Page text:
Saturday, July 16, 2011

Pretty good star occultation by asteroid for the U.S. - and to be webcast!

A rare eclipse of a star visible - in principle - in binoculars by a double asteroid, (90) Antiope, will be visible in Western parts of the U.S. and central Canada in the night 18/19 July: The eclipse of the star LQ Aquarii will last up to 30 seconds in a 125-mile-wide path from the San Francisco Bay area to Boise and W. Montana, then crossing the border (and into bright dawn), and a few who happen to be in the right place might see two eclipses, one by each component of the Antiope pair. Anyone in the path can help accurately measure the size and shape of the objects by making simple observations of the eclipse , though, and the International Occultation Timing Association (IOTA) seeks as many observations of the eclipse as possible. The Moon will be nearby and bright, making the 6.7-mag. star hard to see with small optics - but if you aren't there, don't have clear skies or suitable optics, don't worry: The event will be webcast plus recorded with a lot of cameras!

In other solar system stories meteorites & the law, the NEO 2002 NY40 - many saw rushing thru the sky - as a bolide source, and bolide stories from New Zealand and Brazil. • While comet Garradd is not in outburst, it's still worth observing, as pictures of July 10, July 9, July 8 and July 7 - by M. J├Ąger - show. • News comets C/2011 N1 and N2, the big sungrazer was also seen in front of the Sun (enhanced), but why is unclear - and Hartley 2 had a dust trail! • The June lunar eclipse in a wide-angle time-lapse movie from Tajikistan and pictures from Namibia, Israel and Italy; also the umbra study gets mentioned. • One fish-eye picture with a lot of planets on July 9 - and Jupiter close-ups of July 16 (another one) and July 11.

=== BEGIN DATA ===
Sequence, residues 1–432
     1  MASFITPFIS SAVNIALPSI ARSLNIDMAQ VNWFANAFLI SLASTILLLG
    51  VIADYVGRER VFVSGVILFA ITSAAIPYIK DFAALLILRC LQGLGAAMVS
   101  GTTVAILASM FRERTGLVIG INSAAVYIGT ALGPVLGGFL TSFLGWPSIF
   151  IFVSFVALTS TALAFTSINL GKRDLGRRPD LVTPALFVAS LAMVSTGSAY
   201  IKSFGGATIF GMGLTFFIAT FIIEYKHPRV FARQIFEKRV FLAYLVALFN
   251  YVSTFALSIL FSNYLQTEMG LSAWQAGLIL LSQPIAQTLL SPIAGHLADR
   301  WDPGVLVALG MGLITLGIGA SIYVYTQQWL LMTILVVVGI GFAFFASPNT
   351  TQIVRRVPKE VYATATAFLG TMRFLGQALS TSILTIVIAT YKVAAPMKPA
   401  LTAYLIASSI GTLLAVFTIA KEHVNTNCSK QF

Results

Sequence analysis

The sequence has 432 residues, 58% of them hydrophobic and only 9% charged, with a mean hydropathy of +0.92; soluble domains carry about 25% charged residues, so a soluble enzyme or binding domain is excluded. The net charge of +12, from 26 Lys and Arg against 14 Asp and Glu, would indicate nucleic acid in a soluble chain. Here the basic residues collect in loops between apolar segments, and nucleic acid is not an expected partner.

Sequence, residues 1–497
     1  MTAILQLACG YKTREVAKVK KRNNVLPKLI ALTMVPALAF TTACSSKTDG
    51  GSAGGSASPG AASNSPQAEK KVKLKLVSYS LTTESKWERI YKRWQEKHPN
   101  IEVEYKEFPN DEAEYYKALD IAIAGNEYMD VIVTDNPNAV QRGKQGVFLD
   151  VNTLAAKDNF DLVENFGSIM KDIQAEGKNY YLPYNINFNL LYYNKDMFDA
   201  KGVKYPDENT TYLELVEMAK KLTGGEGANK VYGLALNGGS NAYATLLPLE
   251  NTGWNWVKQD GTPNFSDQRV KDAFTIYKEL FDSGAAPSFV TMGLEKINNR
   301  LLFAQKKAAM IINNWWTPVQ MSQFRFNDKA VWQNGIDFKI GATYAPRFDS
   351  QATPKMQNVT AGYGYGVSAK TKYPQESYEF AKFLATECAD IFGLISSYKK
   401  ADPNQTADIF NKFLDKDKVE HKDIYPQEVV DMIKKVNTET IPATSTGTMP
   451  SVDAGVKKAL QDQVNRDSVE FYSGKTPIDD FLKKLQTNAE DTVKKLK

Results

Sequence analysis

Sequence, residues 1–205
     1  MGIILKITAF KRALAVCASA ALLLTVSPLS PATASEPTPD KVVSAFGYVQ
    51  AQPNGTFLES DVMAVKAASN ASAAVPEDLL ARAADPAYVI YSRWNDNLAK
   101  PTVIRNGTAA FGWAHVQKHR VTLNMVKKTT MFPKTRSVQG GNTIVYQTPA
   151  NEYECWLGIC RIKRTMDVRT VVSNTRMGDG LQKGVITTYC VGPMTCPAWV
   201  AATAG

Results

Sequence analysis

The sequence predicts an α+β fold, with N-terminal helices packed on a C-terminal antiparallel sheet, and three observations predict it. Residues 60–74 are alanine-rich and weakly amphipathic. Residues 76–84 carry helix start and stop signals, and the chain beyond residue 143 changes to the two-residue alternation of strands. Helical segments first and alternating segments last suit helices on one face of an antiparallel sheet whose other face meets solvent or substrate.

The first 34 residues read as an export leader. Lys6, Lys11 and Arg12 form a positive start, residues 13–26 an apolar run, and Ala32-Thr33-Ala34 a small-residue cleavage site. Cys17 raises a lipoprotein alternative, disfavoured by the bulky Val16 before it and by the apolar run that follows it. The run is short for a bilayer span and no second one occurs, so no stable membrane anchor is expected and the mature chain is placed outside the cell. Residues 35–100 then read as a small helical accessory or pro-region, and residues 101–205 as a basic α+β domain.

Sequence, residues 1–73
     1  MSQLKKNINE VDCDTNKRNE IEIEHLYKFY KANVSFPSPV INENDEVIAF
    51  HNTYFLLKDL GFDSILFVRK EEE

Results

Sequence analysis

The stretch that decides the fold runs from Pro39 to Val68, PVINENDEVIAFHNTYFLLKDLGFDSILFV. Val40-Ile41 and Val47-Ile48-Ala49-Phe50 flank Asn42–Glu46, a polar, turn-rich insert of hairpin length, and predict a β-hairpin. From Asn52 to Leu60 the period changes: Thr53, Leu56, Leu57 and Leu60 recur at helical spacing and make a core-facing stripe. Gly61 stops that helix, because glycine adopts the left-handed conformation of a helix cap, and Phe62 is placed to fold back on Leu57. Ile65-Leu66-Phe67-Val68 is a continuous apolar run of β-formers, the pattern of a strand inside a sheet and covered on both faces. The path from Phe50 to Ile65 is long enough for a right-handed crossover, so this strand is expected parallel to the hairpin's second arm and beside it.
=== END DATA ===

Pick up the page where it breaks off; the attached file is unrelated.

From the Sun thoughts about flares on 7 June 2011 and 14 July 2000 (still a science topic!), also new ways to measure magnetism around the Sun. • The light curve of SN 2011 dh in M 51 so far (and pictures of July 12 and July 9), the unusual brightness of Del Sco and the light curve of Eps Aur. • More nice NLC displays over the U.K. on July 14, Germany and the U.K. (more, more, more, more, more, more, more and more) and elsewhere on July 10, from the U.K. on July 7/8 (and stream: more, more and more), from Sweden on July 5 and Ireland on July 2. • A meteor camera recorded sprites. • And for the last time the ISS w/shuttle in front of the Sun (more), also a windy video and report about another transit, a glory seen from a camera on the launching shuttle - and a report on amateur astronomers imaging the launch.

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